Two things that stuck out:
First, Apple Watch Series 3 without LTE will no longer include the 5W USB charging brick, although the charging cable is still included. You can buy these separately of course, but a lot of customers probably also have spare bricks from iPhones and other devices.
This change strikes me as similar to not including a headphone to Lightning adapter in the iPhone box. A practical decision, no doubt fueled by market research. Not an issue for most folks, I suspect.
The second thing that stuck out to me was the pure beauty of the Apple Watch Series 4 packaging, enthusiastically shown off by iJustine in the video embedded in the main Loop post.
Lots of great insight here. One particular such nugget:
This past year with the iPhone X I’ve had a lot of difficulty with vertical panoramas. I’ve shot so many over and over trying to get everything sharp, but the focus seems to degrade as I continue upward. After talking with Apple engineers, I’ve learned it was not an issue of focus depth but of the accelerometers inside the device and how they are tuned to read your motion.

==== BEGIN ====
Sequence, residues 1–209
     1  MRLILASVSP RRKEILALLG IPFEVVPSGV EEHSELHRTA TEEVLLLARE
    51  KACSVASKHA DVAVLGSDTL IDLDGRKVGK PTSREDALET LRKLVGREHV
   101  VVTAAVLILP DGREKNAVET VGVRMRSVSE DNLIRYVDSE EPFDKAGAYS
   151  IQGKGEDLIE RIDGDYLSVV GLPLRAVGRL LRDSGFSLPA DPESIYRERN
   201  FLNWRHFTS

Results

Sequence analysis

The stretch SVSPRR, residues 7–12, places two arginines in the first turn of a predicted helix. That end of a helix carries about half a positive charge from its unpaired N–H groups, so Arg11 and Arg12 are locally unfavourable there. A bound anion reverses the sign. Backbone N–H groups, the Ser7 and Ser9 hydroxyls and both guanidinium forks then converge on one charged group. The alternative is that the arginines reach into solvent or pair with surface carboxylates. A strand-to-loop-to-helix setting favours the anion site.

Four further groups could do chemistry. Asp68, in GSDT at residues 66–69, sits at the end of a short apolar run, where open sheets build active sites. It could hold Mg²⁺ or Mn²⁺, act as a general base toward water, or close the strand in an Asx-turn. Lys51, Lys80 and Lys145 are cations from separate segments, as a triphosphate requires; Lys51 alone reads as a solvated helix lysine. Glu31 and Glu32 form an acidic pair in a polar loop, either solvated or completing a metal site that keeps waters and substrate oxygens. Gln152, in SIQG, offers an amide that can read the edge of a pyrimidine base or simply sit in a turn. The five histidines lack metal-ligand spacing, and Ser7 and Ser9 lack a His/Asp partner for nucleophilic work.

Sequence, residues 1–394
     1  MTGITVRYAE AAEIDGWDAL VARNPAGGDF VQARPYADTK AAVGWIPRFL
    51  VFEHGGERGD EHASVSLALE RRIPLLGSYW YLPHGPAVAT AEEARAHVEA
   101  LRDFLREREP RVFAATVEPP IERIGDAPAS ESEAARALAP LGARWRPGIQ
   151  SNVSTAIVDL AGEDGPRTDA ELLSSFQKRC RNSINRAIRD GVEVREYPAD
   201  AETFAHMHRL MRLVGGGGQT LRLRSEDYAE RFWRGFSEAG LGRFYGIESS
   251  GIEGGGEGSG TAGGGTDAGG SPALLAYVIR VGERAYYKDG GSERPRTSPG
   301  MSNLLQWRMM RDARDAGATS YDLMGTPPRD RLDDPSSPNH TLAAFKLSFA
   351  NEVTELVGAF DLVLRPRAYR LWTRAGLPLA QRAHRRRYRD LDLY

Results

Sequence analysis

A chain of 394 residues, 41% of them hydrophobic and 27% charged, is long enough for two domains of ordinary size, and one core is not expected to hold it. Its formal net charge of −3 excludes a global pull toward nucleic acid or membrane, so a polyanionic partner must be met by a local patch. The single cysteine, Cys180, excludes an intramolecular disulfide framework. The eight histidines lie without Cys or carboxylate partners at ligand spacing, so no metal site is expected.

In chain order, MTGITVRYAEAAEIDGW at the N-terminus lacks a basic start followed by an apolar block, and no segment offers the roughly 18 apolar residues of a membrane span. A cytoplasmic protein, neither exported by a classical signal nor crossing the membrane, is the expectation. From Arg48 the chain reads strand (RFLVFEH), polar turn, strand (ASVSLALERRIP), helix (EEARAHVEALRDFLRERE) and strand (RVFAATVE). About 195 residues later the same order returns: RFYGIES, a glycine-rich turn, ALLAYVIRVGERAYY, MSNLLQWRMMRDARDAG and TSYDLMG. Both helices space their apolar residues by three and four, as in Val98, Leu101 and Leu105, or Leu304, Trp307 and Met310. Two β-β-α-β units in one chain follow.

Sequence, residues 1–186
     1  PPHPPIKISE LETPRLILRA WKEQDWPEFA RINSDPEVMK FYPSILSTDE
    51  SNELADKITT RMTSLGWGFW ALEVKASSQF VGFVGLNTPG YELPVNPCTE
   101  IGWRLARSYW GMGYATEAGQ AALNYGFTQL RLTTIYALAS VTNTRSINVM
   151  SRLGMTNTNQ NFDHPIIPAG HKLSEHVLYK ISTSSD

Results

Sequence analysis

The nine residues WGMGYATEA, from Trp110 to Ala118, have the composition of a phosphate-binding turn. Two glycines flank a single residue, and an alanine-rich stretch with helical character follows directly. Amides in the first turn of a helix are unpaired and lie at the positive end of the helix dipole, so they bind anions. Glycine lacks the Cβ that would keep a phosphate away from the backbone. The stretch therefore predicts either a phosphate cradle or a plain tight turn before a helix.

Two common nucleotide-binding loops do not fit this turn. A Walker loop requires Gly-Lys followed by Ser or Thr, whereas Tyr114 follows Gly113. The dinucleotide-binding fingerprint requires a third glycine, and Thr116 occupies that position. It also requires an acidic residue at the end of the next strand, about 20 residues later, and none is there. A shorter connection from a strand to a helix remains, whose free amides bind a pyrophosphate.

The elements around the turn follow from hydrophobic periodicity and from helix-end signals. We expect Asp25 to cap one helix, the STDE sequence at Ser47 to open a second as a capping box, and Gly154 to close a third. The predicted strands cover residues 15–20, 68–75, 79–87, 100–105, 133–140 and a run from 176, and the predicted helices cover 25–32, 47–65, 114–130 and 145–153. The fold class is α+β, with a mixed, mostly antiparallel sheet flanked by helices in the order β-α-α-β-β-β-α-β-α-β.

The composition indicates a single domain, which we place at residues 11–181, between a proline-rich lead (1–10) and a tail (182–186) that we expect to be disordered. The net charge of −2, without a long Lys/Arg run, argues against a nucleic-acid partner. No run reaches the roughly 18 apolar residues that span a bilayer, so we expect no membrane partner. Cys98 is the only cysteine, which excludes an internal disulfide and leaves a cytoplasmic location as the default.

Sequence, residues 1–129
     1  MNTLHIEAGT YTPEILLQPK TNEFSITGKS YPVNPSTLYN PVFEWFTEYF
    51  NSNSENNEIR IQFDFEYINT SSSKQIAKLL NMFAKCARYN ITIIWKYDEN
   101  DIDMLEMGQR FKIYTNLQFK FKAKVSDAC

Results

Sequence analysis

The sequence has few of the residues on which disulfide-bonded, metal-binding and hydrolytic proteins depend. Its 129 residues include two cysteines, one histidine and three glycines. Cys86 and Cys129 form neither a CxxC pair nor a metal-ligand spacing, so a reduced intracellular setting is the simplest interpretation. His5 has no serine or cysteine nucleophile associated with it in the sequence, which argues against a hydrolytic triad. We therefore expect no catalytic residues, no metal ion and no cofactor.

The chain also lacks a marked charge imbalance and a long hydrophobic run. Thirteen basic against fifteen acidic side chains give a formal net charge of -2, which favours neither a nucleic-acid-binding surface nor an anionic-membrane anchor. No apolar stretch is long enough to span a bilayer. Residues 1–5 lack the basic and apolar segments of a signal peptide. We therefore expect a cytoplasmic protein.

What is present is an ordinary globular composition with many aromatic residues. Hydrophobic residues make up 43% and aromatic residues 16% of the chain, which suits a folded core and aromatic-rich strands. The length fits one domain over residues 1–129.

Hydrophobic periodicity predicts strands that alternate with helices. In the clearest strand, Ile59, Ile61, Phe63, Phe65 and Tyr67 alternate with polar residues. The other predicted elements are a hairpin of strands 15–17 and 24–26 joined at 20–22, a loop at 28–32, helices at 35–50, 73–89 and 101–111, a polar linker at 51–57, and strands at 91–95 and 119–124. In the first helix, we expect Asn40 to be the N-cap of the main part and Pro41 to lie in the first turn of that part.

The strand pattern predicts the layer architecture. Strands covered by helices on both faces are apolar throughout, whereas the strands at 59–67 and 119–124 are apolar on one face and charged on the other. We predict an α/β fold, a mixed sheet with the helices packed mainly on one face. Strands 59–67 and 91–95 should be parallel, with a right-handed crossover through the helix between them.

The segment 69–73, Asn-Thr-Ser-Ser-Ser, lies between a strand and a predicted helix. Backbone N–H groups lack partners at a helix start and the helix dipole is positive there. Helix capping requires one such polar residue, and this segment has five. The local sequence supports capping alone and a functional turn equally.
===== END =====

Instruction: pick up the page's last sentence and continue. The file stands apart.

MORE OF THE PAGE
The iPhone XS fixes this problem. Combined with the new Smart HDR, I’ve shot a bunch of vertical panos that are exposed beautifully and tack sharp from top to bottom. Check out the vertical panos below and note the fixed focusing issue and the insane exposure improvement from iPhone X to iPhone XS.
Smart HDR seems like a big gain for the new camera. This is a terrific post. Keep an eye out for the closeup comparisons between the iPhone X and iPhone XS cameras.
Malcolm Owen, Apple Insider:
The iPhone XS is similar in terms of size to the iPhone X, sharing the same length, width, and thickness with last year’s model. While this may mean that most cases made for the iPhone X will fit the iPhone XS, a report from Macotakara notes the slightly larger camera section on the back may be too big for cases where the camera cutout is made with the iPhone X’s dimensions in mind.